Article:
A critical vulnerability in Cisco Secure Client Software for Windows (formerly AnyConnect Secure Mobility Client) has been discovered, enabling attackers to elevate their privileges to the SYSTEM account. This flaw, identified as CVE-2023-20178, allows threat actors to exploit a specific function of the Windows installer process without requiring user interaction. While Cisco has released security updates to address the issue, proof-of-concept exploit code has recently been published, raising concerns about potential attacks leveraging this vulnerability.
Multinational shipping company UPS has issued a data breach notification to Canadian customers, revealing that their personal information may have been exposed through the company’s online package look-up tools and subsequently exploited in phishing attacks. While initially disguised as a warning about phishing dangers, the UPS letter disclosed that recipients’ names and address information were being used in fraudulent SMS phishing messages. Investigation results indicate that threat actors accessed UPS’ package look-up tools between February 2022 and April 2023 to obtain delivery details, including customers’ contact information. UPS has taken steps to restrict access to sensitive data and is notifying affected individuals to ensure transparency and awareness.
Snack food giant Mondelez, known for brands like Oreo and Milka, has issued a warning to its employees regarding a data breach at law firm Bryan Cave, which provides legal services to Mondelez and other Fortune 500 companies. The breach has impacted more than 50,000 current and former Mondelez employees, compromising personal data such as Social Security numbers, names, addresses, and more. While financial information remains unaffected, Mondelez has offered credit monitoring services to the victims. Mondelez reported that the breach did not occur within its own systems, but rather through unauthorized access to Bryan Cave’s systems.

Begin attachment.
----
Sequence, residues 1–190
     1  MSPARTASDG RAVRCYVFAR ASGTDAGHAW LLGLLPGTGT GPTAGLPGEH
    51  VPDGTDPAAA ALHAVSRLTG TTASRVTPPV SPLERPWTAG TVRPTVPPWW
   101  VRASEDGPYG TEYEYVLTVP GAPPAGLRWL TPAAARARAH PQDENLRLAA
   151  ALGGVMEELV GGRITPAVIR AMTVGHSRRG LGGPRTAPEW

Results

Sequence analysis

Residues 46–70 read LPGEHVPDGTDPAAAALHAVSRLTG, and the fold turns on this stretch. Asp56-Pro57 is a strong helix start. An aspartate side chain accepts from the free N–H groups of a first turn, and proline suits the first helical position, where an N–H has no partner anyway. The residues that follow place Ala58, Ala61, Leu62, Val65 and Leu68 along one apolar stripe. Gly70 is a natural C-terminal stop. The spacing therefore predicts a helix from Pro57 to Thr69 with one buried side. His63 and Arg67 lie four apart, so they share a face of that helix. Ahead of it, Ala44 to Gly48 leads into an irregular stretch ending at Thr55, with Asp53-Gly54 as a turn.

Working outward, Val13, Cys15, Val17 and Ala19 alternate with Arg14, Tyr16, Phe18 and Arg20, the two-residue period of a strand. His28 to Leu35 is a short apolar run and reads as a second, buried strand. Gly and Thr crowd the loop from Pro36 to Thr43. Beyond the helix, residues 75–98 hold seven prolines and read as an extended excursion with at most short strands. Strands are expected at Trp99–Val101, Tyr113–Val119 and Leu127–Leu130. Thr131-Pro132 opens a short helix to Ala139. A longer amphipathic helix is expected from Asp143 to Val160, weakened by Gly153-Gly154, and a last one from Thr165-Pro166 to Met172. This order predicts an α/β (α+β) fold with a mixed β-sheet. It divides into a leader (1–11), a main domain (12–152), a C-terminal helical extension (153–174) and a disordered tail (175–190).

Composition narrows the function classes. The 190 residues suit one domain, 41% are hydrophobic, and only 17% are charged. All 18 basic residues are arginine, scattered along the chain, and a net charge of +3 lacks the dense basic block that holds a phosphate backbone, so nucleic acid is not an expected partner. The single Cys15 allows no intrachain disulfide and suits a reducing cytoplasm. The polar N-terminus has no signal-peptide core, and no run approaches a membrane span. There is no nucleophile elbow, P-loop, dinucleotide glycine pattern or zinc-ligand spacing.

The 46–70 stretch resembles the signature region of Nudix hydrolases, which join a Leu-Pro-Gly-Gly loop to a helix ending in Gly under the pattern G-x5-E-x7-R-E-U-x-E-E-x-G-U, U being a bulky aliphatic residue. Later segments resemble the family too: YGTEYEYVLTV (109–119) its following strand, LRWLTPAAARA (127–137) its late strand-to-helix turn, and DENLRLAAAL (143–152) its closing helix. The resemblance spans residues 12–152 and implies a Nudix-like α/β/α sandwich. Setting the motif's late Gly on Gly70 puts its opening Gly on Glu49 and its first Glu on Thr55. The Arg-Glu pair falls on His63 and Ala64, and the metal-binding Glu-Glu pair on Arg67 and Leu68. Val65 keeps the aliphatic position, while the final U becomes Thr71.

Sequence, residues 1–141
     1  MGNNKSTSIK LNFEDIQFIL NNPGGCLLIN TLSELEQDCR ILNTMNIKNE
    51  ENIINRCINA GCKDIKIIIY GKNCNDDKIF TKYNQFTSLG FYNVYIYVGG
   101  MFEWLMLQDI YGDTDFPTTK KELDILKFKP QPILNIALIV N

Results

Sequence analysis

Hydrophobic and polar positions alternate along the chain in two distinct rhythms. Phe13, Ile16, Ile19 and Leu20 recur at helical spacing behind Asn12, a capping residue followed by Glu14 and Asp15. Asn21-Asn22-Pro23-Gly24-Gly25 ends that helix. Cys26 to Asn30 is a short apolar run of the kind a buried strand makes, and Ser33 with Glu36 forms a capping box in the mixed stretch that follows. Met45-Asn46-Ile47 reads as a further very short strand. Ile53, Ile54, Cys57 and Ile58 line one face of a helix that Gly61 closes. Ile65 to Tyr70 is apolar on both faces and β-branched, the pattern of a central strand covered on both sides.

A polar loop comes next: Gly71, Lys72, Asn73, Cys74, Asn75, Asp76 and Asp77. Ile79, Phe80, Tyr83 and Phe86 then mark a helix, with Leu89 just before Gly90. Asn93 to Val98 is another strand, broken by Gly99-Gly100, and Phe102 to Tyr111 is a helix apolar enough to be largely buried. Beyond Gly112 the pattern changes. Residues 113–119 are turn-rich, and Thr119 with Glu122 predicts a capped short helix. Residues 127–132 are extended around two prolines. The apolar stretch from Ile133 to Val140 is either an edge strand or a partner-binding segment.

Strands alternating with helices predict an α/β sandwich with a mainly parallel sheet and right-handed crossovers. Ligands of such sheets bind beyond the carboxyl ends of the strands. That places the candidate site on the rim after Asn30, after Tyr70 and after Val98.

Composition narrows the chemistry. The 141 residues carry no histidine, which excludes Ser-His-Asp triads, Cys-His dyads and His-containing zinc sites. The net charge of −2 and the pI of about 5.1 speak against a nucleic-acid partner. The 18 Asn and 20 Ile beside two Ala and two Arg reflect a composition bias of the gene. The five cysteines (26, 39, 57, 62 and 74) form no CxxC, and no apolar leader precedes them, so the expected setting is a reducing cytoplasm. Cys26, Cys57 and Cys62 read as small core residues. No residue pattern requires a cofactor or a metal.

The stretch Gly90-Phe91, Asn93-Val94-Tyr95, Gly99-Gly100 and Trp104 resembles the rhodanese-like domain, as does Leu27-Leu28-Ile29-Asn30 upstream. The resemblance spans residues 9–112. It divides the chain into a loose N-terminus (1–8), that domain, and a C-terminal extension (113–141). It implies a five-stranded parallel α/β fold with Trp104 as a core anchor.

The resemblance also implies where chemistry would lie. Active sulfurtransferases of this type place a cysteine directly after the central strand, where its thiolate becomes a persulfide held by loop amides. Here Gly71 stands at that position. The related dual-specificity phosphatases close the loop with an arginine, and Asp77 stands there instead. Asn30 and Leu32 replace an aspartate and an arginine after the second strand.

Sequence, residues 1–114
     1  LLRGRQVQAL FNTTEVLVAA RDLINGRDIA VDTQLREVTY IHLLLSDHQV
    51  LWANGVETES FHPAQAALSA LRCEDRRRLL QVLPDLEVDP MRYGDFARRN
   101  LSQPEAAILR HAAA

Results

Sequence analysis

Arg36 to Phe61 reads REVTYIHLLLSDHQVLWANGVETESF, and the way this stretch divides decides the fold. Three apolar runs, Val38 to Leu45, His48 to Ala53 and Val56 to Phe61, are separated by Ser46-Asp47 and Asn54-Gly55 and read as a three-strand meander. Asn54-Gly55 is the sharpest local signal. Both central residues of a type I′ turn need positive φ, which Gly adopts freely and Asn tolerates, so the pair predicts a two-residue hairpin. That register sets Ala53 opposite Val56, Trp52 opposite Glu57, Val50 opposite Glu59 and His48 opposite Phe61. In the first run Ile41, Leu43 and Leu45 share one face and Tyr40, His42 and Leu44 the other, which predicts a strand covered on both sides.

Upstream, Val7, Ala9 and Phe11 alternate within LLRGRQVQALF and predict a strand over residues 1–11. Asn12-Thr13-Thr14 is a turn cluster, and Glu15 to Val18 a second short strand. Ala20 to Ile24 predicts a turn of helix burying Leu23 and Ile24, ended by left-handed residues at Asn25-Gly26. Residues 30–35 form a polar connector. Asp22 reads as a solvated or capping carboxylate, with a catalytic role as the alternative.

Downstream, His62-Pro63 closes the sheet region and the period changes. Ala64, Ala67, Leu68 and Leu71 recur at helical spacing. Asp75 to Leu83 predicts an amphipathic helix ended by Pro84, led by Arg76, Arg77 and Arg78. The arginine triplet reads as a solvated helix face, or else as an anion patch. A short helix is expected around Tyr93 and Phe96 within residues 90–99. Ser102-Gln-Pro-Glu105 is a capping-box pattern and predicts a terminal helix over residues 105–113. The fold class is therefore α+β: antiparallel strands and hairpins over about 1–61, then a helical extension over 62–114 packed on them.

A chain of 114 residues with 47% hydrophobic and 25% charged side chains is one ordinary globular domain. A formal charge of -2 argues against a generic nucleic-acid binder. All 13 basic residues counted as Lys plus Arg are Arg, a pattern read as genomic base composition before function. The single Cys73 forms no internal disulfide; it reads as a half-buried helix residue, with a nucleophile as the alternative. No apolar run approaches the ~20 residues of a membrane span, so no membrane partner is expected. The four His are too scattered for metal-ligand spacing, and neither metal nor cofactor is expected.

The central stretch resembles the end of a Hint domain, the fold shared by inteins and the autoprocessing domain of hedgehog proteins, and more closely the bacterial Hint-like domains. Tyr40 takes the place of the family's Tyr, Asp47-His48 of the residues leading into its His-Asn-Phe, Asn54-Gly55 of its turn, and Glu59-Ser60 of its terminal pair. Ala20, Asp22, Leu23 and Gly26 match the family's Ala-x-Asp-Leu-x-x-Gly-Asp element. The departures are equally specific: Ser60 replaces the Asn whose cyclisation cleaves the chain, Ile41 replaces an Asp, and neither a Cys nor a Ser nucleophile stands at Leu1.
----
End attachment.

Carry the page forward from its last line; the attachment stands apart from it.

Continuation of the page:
The Department of Health and Human Services has issued a warning to the healthcare sector regarding a recent ransomware attack on a U.S. cancer center. The attack, carried out by the TimiSoaraHackerTeam (THT) ransomware group, resulted in a significant impact on patient care, including the loss of critical treatment capabilities and the potential exposure of personal health information. THT is believed to have connections to Eastern Europe and China and may be associated with other ransomware groups like DeepBlueMagic and APT 41. Healthcare organizations are urged to patch vulnerable tools and report any signs of THT or ransomware activity to the appropriate authorities.
A non-fungible token (NFT) based card game called Z-ERA has fallen victim to an exploit, resulting in the theft of $285,000, according to blockchain security firm CertiK. The attack involved the deployment of an unverified contract by an externally-owned account (EOA), allowing the attacker to steal 1.8 million ZERA tokens and subsequently sell them. The incident caused the price of the ZERA token to plummet by 99%, impacting approximately 27% of its circulating supply.